The synagogue’s members rushed inside and called 911.

Charr denied saying anything and has been released on bond.

“It’s terrible,” Joe McCormack, a retired officer and longtime friend of Rabbi Webberman, told CBS Miami.  “How would you feel if I said ‘I’ll cut your head off you Jew.’ It shouldn’t be. It shouldn’t be allowed.”

The synagogue has hired extra security in the wake of the incident.

“How to Kill a Jew” Video Goes Viral

If you were to check the top video on social media networks in Palestine, you would find the top video is step by step instructions to kill a Jew.

A group that calls themselves resisters of occupation in the occupied West Bank and Jerusalem produced the video called “How To Stab A Jew”.  The report in the Jewish Press says that video shows two men in attire that was made popular by the late Yasser Arafat.

The “teacher” in the video then instructs the viewer on how to walk up to a Jew and stab them in the most efficient manner to kill them.

The video’s discovery comes after a wave of stabbing attacks against Jews in Israel by Palestinians.

This is not the first production by Palestinians aimed at encouraging or teaching Arabs how to murder Jews.  A video game was released in October called “The Liberation of Palestine” that encourages users to “liberate Palestine” through violence rather than diplomacy.

“The language of weapons is the most effective with the Israelis,” the game’s creator said.

Anti-Semitism Rising In France

Jewish leaders across France say that a “new anti-Semitism” is growing within the country.

The group cites four main factors in what they call an enhanced atmosphere of fear for French Jews.  The rise of far-right nationalist groups with Nazi sympathies, a deteriorating relationship between black Europeans and Jews, hard economic times and the soaring population of Muslims in France who carry traditional anti-Jew beliefs.

France, the home to the largest Jewish community in Europe, has seen an increase in violence against Jews.  Earlier this month, two Jewish youths were jumped and severely beaten as they were heading to synagogue in an eastern Paris suburb.  The man who launched a deadly attack on a Jewish museum in Brussels was French and had recently been in Syria with Islamic extremists.

Jewish citizens have been subjected in recent weeks to intimidation from residents who told “dirty Jewesses” that they have too many children and the homes of Jewish residents have had Stars of David spray-painted on the sides of their homes.

A 13-year-old girl told the Washington Post the atmosphere is enough to scare her from being alone with friends.

“I’m afraid that what happened in Toulouse will happen at my school too,” Michele said.  (The girl’s last name was withheld for security reasons.)  “I hear what people say about Jews. And I am scared.”

Jewish Students Targeted At DaPaul University

Jewish students at Chicago’s DePaul University say the campus is no longer a safe place for them because of a group that is demanding the University withdraw from any companies that work with Israel.

The anti-Semitic group, Students for Justice in Palestine, has been running a campaign called “DePaul Divest” and is trying to get students to vote for a non-binding resolution calling for the University to disconnect with anyone connected to Israel.

“This entire campaign and entire sit-in going on in the SAC (Schmitt Academic Center) is totally unsafe for Jewish students and I have had a lot of Jewish students text me and call me today and tell me they are not comfortable walking through that part of our campus, which is really disheartening,” a student called Rachel told reporters.  (Her name has been withheld because of threats.) “About two months ago when SJP (Students for Justice in Palestine) started the ‘DePaul Divest’ campaign, I no longer felt safe on this campus and I no longer felt I could be a proud Jewish student.”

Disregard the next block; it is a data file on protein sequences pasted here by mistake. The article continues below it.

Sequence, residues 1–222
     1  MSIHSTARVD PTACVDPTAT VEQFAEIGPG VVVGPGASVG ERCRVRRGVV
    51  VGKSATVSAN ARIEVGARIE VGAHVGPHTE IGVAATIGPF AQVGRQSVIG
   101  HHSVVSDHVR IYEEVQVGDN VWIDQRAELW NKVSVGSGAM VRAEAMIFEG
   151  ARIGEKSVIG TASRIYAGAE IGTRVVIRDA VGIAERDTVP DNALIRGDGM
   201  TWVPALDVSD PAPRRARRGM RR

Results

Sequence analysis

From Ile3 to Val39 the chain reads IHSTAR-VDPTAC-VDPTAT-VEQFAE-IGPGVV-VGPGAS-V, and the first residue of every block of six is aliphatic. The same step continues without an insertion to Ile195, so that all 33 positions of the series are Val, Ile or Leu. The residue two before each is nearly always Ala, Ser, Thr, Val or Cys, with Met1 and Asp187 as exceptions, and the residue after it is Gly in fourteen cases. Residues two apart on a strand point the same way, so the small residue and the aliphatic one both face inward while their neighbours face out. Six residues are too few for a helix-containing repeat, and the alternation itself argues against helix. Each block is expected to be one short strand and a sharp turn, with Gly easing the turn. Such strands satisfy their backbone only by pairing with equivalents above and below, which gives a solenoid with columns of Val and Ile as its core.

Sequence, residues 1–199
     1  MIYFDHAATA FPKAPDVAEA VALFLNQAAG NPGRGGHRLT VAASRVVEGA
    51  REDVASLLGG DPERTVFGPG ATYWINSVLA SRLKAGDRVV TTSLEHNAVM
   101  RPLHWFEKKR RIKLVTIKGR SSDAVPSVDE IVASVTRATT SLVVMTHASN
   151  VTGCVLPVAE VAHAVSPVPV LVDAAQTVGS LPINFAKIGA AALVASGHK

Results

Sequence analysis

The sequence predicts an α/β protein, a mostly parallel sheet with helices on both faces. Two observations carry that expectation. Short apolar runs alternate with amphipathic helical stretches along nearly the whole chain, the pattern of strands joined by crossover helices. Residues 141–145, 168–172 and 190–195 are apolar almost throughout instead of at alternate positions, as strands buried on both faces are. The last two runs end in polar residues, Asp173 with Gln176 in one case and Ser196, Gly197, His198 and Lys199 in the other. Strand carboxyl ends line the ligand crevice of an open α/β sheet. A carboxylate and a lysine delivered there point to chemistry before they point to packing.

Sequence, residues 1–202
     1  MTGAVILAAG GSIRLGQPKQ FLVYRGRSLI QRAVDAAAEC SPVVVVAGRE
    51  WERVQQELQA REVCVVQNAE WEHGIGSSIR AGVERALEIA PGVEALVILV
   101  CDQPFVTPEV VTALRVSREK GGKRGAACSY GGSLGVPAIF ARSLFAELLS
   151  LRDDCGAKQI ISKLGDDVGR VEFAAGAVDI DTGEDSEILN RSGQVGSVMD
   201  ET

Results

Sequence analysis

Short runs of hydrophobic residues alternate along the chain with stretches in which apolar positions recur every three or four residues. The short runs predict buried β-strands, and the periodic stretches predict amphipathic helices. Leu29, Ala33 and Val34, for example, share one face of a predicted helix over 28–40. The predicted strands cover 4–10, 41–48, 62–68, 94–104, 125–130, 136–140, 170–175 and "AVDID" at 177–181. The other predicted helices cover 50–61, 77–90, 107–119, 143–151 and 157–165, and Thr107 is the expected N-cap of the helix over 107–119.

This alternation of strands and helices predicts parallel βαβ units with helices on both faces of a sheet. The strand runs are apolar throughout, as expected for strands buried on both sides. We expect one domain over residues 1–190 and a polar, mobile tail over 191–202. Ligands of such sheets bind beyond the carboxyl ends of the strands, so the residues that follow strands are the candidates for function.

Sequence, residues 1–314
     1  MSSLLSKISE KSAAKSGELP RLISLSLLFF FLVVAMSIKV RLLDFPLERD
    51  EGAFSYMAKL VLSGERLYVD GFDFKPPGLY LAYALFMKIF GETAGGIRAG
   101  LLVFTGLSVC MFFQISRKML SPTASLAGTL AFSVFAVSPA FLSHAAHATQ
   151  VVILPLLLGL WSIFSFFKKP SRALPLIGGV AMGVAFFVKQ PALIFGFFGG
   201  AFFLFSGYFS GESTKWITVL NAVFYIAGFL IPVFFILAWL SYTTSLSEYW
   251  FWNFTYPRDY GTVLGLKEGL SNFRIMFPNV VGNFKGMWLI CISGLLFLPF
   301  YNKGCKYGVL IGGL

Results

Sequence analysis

Another student said that she feels targeted and is always having to defend her Jewish faith.

“I do kind of feel as a Jewish student that I am being targeted on campus. I feel that a lot of questions are being directed to me and I am constantly on the defensive on campus,” she explained. “I have to defend myself, my Judaism, my pride in Israel every day and it’s getting a little bit exhausting.”

“I’d like to live and go to a university where everybody can have their own opinions and have a diverse community and feel safe.”

The Students for Justice in Palestine has been found to have conducted anti-Semitic actions on campuses across the U.S.  At New York University, they slid “Eviction Notices” under the doors of Jewish students and a similar incident at Northeastern University led to SJP being suspended from campus.

SJP would not respond to reporter questions about harassment of Jewish students.

School Textbook In Tennessee Called “Anti-Semitic”

The Jewish Federation of Nashville has joined with a group of parents to protest a textbook that compares a suicide terrorist bombing to the land disputes between Israel and Palestine.

The offensive question reads: “If a Palestinian suicide bomber kills several dozen Israeli teenagers in a Jerusalem restaurant, is that an act of terrorism or wartime retaliation against Israeli government policies and army actions?” Continue reading

2012 Shows Surge In Anti-Semitism

Israeli researchers have released a report showing a significant increase in anti-Semitic attacks in 2012. The report was released on the eve of Israel’s memorial day for the 6 million Jews killed by the Nazis.

The report from Tel Aviv University says that anti-Semitic violence increase 30 percent in 2012. The report showed 686 attacks in 34 countries. 273 of the attacks, 40 percent, involved violence against people. Continue reading